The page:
I wasn’t going to write anything to mark World Autism Awareness Day this year. This morning, Facebook was kind enough to remind me of what I posted one year ago today. I re-read that post, and still agree with pretty much everything I wrote.
But last night, Riley mentioned that she needed to wear blue to school today for Autism Awareness Day. That led to a discussion with her of why Veronica and I aren’t wearing the puzzle piece pin (yes, I realize the irony in my blog’s title) or putting up blue light bulbs today.
Something about the conversation nagged me overnight. Maybe it was the exclusion of the one true expert on the subject of autism in our house. So this morning, I decided to ask Ryan for HIS thoughts on the subject.
“Ryan, you know it’s Autism Awareness Day, right?” I asked.
“Yes,” he answered. “We have to wear the puzzle piece today.”
I explained how the puzzle piece was a symbol of a particular organization whose views we no longer support. Trying to find a simple explanation for this, I settled on “it’s an organization that wants to speak about autism but doesn’t speak to people with autism.”
As those words were coming out of my mouth, I realized I had the opportunity to add one voice to the effort to change that.
“Ryan, you are an expert on autism,” I told him. “I can think all day and night about what it’s like to have autism but I don’t know the way you do, and I never will. So what would you want people to know about it?”
He thought for a moment, between bites of waffle. In that moment, I realized how far we had come in addressing Ryan’s diagnosis with him, and empowering him to understand that “different” does not mean “less.”
“I’m not stupid,” he said. “People with autism are just as smart as everyone else. Sometimes smarter.”
Maybe I was hoping for something more profound, but the more I thought about it, the more I realized he’s right — this is an important point. It is our natural tendency to think of people who present differently from what we expect as somehow less. Less intelligent, less valuable, less important.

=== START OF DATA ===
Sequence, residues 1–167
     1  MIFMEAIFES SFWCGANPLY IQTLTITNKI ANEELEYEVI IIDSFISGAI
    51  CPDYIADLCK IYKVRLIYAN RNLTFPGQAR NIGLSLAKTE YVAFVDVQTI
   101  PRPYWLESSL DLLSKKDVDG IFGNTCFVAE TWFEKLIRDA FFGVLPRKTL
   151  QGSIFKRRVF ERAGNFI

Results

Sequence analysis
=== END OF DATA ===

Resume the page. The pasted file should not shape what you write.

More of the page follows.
I pushed him if he had anything more to say on the subject.
“[Autism] is good,” he said.
“What’s good about it?” I asked
“It’s easy for me to work hard at things, and I get to think about the things that interest me all the time.”
And with that, he finished his breakfast and went about his morning routine.
This should not have surprised me. I think the biggest growth we’ve seen in the last year is not in our thoughts about autism, but in Ryan’s. He has made it quite clear that he’s very comfortable with who he is. He recognizes that there are differences between him and his peers. That sometimes causes frustration, but he does not dwell on it or blame autism. He is thankful for his focus and drive, which he recognizes as part of autism, because they allow him to accomplish the goals he sets for himself.
In the end, my son said it better than I ever could. Just as he did earlier this school year (his essay is reprinted below). That’s why I’m glad I asked an expert.
“How Social Life Should Run”
Middle school is a mad place. We either fit in or we don’t. And if we do, great. I always catch in the corner of my eye, people walking down in big groups laughing. And then there is the extra person. The one who is thought to fit in with the big group, but really, they don’t. That person may struggle to make any friends at all. Do we notice that person? Maybe, that person with the difficult social life is us. If we don’t fit in during middle school, then life could feel like a huge waste. What’s the point of even going to school?
Once in fifth grade, I said something weird, and everyone started laughing at me. I didn’t know that I would have that bad of an impact on others. In fact, no one needed to react towards me in that way. Back then, I was considered maybe a little bit unusual. I could kind of relate to Sheldon Cooper from “Big Bang Theory” in which he struggles with social life. I barely invited any friends to my house and when I did, we only did what I wanted to do. I didn’t even offer my friends a “beverage.” But at least I had those couple of friends.
I remember back a couple years ago, I had no social connection to the world. At camp during the summer of 2011, everyone else would be playing video games, and I’d be in the corner, writing hockey stats. I cried at camp every day because I thought there were snakes there going to eat me. Now days, I wouldn’t do that. Other kids always attempted to make me feel that someone or something was out to get me. That’s what made me spend my whole entire camp experience in fear. However, being on the autism spectrum side, I couldn’t follow any social rules back then. I had to visit a social group to learn things about social rules and how to make friends, and I still visit there today. But back then, it was a lot worse. I didn’t talk about anything besides hockey stats. Other kids thought I was weird because of that. And I don’t deserve that type of treatment.
Although I am not exactly like most kids, I still have made tremendous improvement. I will never become a popular kid, as I never had been. I have not only gained social skills, I have gained hockey skills, and upper body strength. And I get the respect I deserve. So why shouldn’t anyone else? So from now on, let’s respect everyone, no matter what race or gender they are. No more “roasting” people, because one day, you’ll be roasted. I believe that it’s okay to be different. Of course it is, no two people are alike in middle school. However, if someone may need extra help, we will give them that extra help!